One of the great things about living in the Sacramento region is the access to great events in some truly remarkable settings. The region is home to world-class artists and performers, and there are some beautiful settings to showcase this talent.
Case in point: the opening of the 2011–12 season of the Sacramento Choral Society & Orchestra at the Cathedral of the Blessed Sacramento in Sacramento on Oct. 29 & 30.
This talented group is an auditioned, volunteer chorus with a professional orchestra. Under the baton of Donald Kendrick, music director, the SCSO is committed to the performance, education and appreciation of a wide range of choral orchestral music.
Members of the chorus and orchestra come from all over the area, including El Dorado Hills. There are more than 170 dedicated singers and 55 professional orchestra players.
The SCSO will open the season with “Sacramento Stained Glass Concert One.” The actual title of the concert is “Canticles of Praise: Works of inspiring beauty, transcendence, exhilaration and hope.” The concert will be a showcase of music by Bernstein, Jongen and Mathias in the beautiful setting of one of Sacramento’s oldest and grandest structures. The concert will feature David Deffner, organist; Beverly Wesner Hoehn, harpist; Thomas Rance, percussionist; and the SCSO Brass Ensemble. Jack Baer will be the evening’s soloist.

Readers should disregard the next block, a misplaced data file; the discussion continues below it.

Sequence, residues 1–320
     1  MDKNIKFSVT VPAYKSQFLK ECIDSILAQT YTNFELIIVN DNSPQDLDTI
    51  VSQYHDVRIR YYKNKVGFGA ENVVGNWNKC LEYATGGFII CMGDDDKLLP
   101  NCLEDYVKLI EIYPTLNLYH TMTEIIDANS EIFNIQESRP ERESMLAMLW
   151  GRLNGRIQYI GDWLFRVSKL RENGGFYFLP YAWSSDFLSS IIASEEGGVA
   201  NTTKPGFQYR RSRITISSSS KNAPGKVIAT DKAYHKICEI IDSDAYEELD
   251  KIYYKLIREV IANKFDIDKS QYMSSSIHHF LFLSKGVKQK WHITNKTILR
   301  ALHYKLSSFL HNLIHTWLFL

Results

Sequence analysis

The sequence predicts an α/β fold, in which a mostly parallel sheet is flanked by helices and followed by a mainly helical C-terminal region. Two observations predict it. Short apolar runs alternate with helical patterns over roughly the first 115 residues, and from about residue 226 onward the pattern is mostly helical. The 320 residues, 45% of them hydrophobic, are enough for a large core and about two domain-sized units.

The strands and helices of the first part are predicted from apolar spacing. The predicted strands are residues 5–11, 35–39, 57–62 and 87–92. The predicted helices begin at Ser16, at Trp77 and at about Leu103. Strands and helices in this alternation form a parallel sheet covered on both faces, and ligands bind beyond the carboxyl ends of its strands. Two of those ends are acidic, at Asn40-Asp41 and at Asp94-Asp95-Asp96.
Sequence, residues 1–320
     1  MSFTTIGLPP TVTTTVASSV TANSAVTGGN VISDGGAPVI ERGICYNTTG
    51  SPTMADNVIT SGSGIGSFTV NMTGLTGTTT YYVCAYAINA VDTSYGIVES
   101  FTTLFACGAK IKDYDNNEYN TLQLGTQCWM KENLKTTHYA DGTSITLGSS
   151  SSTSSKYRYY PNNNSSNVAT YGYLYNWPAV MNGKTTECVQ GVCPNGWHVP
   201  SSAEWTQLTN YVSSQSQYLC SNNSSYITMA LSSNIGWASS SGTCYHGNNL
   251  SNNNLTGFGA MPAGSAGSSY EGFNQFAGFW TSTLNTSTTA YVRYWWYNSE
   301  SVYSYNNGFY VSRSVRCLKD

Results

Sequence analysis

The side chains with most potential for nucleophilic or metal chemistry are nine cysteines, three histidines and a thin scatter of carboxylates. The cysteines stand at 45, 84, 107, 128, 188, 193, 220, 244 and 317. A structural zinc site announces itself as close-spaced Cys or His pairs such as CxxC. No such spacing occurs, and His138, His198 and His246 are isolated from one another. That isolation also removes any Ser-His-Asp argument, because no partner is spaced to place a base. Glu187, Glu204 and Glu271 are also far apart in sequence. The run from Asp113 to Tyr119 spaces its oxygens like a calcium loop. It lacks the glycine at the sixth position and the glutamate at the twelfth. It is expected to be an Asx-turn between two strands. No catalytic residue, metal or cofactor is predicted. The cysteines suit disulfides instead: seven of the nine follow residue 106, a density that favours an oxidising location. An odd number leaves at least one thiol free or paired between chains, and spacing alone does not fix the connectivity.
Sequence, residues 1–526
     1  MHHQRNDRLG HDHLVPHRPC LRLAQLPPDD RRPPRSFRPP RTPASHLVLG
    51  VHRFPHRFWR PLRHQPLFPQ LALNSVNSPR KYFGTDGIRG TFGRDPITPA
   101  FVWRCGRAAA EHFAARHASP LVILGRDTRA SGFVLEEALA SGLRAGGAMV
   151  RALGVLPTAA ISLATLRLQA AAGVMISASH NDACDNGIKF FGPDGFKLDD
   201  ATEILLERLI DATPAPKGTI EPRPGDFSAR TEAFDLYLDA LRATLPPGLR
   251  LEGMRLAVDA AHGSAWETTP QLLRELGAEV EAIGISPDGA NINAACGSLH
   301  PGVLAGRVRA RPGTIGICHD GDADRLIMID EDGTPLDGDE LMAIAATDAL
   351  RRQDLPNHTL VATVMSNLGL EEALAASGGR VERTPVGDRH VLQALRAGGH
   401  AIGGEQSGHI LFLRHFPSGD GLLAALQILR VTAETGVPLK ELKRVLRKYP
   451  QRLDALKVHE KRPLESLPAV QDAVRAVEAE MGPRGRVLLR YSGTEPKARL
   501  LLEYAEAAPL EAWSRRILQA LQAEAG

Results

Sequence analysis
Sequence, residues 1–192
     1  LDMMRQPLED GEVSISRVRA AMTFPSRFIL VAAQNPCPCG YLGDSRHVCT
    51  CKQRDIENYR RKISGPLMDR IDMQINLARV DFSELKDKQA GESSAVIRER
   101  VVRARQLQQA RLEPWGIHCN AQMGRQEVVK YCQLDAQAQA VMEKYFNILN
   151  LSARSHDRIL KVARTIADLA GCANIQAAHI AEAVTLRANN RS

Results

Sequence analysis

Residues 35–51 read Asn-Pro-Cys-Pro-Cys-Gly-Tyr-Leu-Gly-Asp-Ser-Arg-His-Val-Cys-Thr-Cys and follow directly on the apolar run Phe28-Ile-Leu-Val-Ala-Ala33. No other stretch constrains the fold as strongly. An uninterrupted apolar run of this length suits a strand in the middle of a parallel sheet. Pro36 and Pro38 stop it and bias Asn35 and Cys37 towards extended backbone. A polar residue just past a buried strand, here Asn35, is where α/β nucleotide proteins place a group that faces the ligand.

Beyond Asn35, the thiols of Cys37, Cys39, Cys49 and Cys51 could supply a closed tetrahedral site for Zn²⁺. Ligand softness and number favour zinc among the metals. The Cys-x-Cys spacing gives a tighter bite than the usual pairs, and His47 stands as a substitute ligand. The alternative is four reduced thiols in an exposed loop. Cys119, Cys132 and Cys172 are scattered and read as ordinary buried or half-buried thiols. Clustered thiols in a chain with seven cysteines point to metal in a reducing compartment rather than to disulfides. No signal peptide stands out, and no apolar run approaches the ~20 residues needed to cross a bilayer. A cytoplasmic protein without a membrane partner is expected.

The Cathedral of the Blessed Sacrament was part of the largest concentration of buildings dating back to the California Gold Rush era. The stained glass windows in the cathedral are master works. The cathedral itself is modeled after L’Eglise de la Sainte-Trinite in Paris, France. The acoustic of this sacred space is a generous 4.5 seconds. If that weren’t enough, the recent restoration of the cathedral included an updated sound system to make them even better.
There will be two concerts, one Saturday evening and a matinee performance on Sunday.
The concert will begin with Leonard Bernstein’s (1918–1990) “Chichester Psalms.” This work is known for its musical difficulty. It is one of Bernstein’s “Jewish works,” and some material was originally intended for “West Side Story,” which originally was to have a Jewish-American gang.
The “Mass, Opus 130” by Joseph Jongen (1873–1953) is a “deeply impressive work,” with “captivating tints of Impressionistic colour … and beautifully paced choral writing,” according to “Gramophone.” Deffner will accompany the SCSO on the cathedral’s Reuter Organ. This instrument has two manuals and 24 ranks, and was “voiced” to take full advantage of the acoustic of the cathedral.
“Let the People Praise Thee” by William Mathias (1934–1992) is the final piece of the concert. This piece is most opulent, majestic and joyful — which is not surprising when one learns that this work was written for the royal wedding of 1981, the wedding of Prince Charles and Lady Diana Spencer. Sadly, the ending of that marriage has put a cynical taint on this hymn by some.
Music shows us our better selves, and can inspire us to become better than we are today. In the ethereal setting of the cathedral, these three works remind the listener of that. For this music is ultimately directed to heaven.
“Canticle of Praise/Sacramento Stained Glass Concert One” will be performed at the Cathedral of the Blessed Sacrament on Saturday, Oct. 29, at 8 p.m. and on Sunday, Oct. 30, at 3 p.m. The cathedral is located at 1017 11t St. in Sacramento. Pay parking is available. Tickets are $25 to $35, $12.50 for students. For tickets or more information call (916) 536-9065 or visit sacramentochoral.com.
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